Dear God, and/or television programming executives, and/or novelists, and/or filmmakers: May there always be good cop shows and good cop novels from which to make good cop movies. May we be eternally blessed with reruns of Hill Street Blues, Law & Order, NYPD Blue and Oz. May we always have a good story with dicey plot twists and inside-the-station-house perspectives and more than a shivering glimpse inside the criminal mind. Amen. PS: May there be more playwrights like Stephen Adly Guirgis. Kitchen Dog Theater answers prayers, apparently, opening Guirgis' Jesus Hopped the A Train, a cage-rattler drama with wincingly dark humor, on Friday. Jesus tells another pathetic saga of the American criminal justice system, an unlikely criminal and a world-weary public defender within the context of big, contemporary issues--racism, religion, religious cults, the prison system. "It's a very gritty play with in-your-face characters and dialogue," Tina Parker, KD executive director, says. "The script is so good it demands great acting, and in that sense it's a Kitchen Dog show," she says. "We're featuring some new talent, including lead actor Sean T. Perez," she says. Jesus is directed by Dan Day, who characteristically brings text to life. "He's so good at making this seem real and happening in time and space," Parker says. The story of ill-fated Angel, who achieves spiritual transformation through the criminal justice system, is set in New York's Rikers Island prison. Day puts the action up front and makes it personal for the audience, but stops short at a prison rape scene, which takes place offstage. Jesus Hopped the A Train opens Friday and runs through November 6 at The McKinney Avenue Contemporary, 3120 McKinney Ave. Get the complete performance schedule and tickets ($8 to $20) at www.kitchendogtheater.org or by calling 214-953-1055. --Annabelle Massey Helber
Jail House Rock
Once abandoned to the dustbin of Mister Rogers' Neighborhood, puppets have made a comeback of late. Avenue Q swept the Tonys; Triumph the Insult Comic Dog is a household name. You won't see such gonzo tactics at the Dallas Children's Theater's latest production, but, like those break-out puppets, the show may remind you just how much magic can be made with a few strings and some wood. On Friday, DCT presents Rumplestiltskin, the story of a mysterious little scoundrel who strikes a deal with the miller's daughter, performed by the revered Kathy Burks Theatre of Puppetry Arts, which holds one of the country's largest collection of antique marionettes. All the better to mesmerize you with. In the Studio Theater of the Rosewood Center for Family Arts, 5938 Skillman St. Tickets are $13 to $15. Call 214-740-0051. --Sarah Hepola
The subtitle for actor Mark-Brian Sonna's upcoming Theatre of Death performance is Six Centuries of Horror on Stage--six centuries performed in a little less than two hours, that is. Sonna has collected six examples of a curious little form of Spanish theater--teatro breve, short plays performed during the intermissions of longer works--and will mount them, along with other actors, from October 6 through October 24. "It's not a morose evening," Sonna explains. The plays--the shortest of which, Lover & Death, from the 14th century, clocks in at four minutes--are "very eerie" and "odd," Sonna says, "but they're funny in a sick and twisted way." They'll be performed at Teatro Dallas, 1331 Record Crossing Road. Visit www.theatreofdeath.com or call 214-747-8833 for reservations. --Claiborne Smith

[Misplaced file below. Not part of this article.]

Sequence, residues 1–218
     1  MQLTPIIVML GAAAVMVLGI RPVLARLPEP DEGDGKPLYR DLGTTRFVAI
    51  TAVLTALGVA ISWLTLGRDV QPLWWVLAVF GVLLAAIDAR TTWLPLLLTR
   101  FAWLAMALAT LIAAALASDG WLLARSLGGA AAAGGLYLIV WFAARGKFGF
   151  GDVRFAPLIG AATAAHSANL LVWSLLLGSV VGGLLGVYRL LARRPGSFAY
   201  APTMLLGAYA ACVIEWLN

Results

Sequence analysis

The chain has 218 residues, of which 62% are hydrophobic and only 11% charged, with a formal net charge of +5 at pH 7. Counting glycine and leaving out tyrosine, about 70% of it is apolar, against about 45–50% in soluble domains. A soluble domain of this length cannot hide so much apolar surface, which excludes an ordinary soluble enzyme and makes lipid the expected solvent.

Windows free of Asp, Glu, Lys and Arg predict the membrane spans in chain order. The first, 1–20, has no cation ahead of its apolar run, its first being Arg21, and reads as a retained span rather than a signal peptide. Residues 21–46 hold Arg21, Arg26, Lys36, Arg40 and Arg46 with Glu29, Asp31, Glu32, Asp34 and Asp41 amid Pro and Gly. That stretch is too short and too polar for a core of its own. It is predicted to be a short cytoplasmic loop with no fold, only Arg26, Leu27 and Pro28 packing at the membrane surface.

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Dazed & Hilarious
Our apartment is odd. It has a file cabinet stuffed with receipts from doughnut shops that are filed under D...for doughnut. We also have a vending machine, which means any candy we eat must fall a few feet to reach its maximum flavor potential. And, of course, the apartment is overrun with the cutest infestation ever: koalas everywhere. See, our homestead resembles a Mitch Hedberg stand-up comedy routine, as snippets of his whacked-out, stoner-appreciative humor can be found all over the place. And aside from complaints from the landlord, we don't mind one bit. We might even invite Hedberg over after his Friday appearance at 8 p.m. at the Majestic Theater, 1925 Elm St., where he'll perform with singing comedian Stephen Lynch. Heck, after seeing the show, you'll probably want to stop by our apartment, but watch out when the koalas scatter. Tickets are $29 and up. Call Ticketmaster at 214-373-8000. --Sam Machkovech
Despite being ignored, your conscience will get your attention in the end. Whether it was the little white lie that ran amok or bathroom gossip you were tempted to spread, you learn from childhood that rumors lead you down a slippery slope to a swamp of pain. Some things have to be learned the hard way. Based on a true story, Lillian Hellman's The Children's Hour examines the turmoil unleashed when a student maliciously accuses two teachers of having a lesbian relationship. The play's issues of deviance and slander are still pushing society's buttons decades later. All performances are in the Margo Jones Theatre on the Southern Methodist University campus at 8 p.m. daily through Saturday and 2 p.m. Saturday and Sunday. Tickets are $12 for adults, $9 for seniors and $6 for SMU students, faculty and staff. Saturday's 2 p.m. show is SMU's first "pay-what-you-can matinee." Call 214-768-2787. --Danna Berger